Graduates condemned to 'coffee shop jobs'

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Old 03 March 2010   #1
Graduates condemned to 'coffee shop jobs'

http://www.telegraph.co.uk/educatio...-shop-jobs.html

There appears to be much controversy about higher education in the UK at the moment with fees (maybe going up) and college losing millions of investment form the UK Government. Also there is a major debate about 'Soft courses' like media studies certain arts like CG or Digital stuff. There is also a recession going on or should I say a slow response of coming out of this recession.

So education is being knocked from all sides and the chances of finding employment after much investment of time/effort and finances in one of these soft option courses seems bleak.

What would you if your where a college lecture teaching CG say to this years graduating students?
Put your self in the lectures shoes. Would you ignore it and say nothing or you would say ..........

(It would be interesting to hear CG Talk (people with experience) posters what their advice would be)....

Thanks to all replies
 
Old 03 March 2010   #2
Originally Posted by notsosure: There is also a recession going on or should I say a slow response of coming out of this recession.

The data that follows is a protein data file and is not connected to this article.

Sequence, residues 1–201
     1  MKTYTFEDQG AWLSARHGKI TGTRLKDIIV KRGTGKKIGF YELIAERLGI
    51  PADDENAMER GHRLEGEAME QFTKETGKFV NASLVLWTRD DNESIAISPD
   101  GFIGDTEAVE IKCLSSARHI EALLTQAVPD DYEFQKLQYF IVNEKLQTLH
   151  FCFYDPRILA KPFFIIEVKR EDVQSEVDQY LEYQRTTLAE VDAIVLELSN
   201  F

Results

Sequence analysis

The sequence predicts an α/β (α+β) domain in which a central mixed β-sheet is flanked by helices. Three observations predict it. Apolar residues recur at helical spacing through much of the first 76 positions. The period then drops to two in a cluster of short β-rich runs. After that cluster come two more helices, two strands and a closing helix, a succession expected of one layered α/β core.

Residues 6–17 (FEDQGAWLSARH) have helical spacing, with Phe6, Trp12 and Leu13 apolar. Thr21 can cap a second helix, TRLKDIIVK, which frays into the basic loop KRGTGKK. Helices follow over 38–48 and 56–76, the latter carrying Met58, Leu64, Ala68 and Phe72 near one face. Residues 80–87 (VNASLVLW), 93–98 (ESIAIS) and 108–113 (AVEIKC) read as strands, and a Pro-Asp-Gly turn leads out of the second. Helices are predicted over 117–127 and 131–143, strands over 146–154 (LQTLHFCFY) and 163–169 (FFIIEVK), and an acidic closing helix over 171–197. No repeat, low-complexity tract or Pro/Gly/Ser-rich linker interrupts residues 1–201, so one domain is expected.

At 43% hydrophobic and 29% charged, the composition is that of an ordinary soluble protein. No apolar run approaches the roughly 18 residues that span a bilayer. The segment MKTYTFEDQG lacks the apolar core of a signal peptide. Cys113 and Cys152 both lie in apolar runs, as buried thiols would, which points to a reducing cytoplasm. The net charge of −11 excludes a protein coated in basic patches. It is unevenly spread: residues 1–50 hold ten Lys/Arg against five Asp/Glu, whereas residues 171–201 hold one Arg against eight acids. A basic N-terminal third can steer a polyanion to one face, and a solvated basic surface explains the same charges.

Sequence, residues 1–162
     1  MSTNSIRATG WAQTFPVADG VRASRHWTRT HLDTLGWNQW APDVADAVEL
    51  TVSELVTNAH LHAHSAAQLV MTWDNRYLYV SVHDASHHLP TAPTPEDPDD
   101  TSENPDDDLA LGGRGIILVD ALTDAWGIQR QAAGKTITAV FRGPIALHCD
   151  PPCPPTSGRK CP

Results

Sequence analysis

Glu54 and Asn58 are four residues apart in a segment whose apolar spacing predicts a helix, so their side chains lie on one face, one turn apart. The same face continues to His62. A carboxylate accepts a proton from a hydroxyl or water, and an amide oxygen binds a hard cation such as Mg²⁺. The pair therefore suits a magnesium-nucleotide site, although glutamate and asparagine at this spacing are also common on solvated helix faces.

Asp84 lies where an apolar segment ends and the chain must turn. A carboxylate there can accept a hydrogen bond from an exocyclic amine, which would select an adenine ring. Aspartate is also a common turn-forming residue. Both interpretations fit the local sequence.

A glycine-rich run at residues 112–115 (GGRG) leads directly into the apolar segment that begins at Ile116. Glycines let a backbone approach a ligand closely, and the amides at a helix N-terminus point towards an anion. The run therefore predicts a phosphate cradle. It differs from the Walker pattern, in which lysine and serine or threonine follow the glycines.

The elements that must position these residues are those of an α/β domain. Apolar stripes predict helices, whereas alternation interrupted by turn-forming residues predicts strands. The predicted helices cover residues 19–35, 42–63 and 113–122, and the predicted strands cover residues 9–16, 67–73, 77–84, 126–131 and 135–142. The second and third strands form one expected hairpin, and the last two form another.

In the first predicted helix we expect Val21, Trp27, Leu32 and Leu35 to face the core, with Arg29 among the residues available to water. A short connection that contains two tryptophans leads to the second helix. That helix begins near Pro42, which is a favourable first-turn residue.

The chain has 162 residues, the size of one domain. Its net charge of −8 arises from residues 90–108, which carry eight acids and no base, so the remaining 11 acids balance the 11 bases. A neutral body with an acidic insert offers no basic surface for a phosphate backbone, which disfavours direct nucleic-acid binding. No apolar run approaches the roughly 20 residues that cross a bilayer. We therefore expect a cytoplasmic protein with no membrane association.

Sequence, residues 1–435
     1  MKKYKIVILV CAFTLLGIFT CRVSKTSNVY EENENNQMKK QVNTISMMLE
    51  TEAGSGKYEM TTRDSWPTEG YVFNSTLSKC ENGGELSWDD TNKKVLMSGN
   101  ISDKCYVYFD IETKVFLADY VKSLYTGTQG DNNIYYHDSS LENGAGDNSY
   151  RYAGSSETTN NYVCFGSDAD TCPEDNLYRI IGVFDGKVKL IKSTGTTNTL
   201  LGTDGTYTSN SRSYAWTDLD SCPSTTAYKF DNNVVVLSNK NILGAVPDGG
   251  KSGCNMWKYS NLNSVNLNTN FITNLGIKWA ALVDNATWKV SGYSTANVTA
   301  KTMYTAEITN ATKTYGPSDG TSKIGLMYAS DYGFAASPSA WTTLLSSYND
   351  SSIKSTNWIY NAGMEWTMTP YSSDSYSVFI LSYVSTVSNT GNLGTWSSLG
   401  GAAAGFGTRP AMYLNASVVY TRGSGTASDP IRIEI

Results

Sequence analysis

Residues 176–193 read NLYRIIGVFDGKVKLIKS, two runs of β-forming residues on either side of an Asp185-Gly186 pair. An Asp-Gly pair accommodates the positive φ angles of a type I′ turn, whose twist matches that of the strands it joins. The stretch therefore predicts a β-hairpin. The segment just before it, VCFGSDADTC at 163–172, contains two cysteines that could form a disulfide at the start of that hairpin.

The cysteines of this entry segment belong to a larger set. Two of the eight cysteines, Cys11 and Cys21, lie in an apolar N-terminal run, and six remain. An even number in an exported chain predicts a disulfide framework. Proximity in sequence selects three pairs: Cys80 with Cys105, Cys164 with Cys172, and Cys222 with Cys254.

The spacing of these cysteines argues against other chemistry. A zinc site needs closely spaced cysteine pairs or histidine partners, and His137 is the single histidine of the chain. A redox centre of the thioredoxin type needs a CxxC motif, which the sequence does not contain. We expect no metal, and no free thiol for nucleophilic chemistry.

Just yesterday I was reading an article in the news about how visual effects is going to be added to the skills shortage list in the UK. Because the fact is that studios struggle all the time to find people to fill vacancies. Graduates not being able to find work has a lot less to do with the economic environment and a lot more to do with simply falling short of the required skill levels. And while it's easy (and often quite fair) to point the finger of blame at schools for offering such extraordinarily shit courses in increasingly popular fields like CG, there is also a responsibility on behalf of all of those wanting to get into these industries to get off their arses and actually make an effort to develop their skills too. People don't get jobs based on degrees or other certifications, they get jobs based on their portfolios.

Quote: What would you if your where a college lecture teaching CG say to this years graduating students?


I don't want to be a grammar nazi, but I honestly had to read this a couple of times to understand what you're asking. Anyway, if I was an instructor, I'd simply tell everyone that it's up to them to understand the requirements of the industry, and to ensure that they work hard enough to meet those demands. Courses are there to teach them the fundamentals, but they need to build on that themselves. Instructors who hold their students' hands throughout courses are doing more harm than good - students have a responsibility to themselves to develop a critical eye when it comes to viewing their own work. Out of every graduating class, the ones who get the jobs are always the ones who took the initiative to better themselves at every opportunity.
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Old 03 March 2010   #3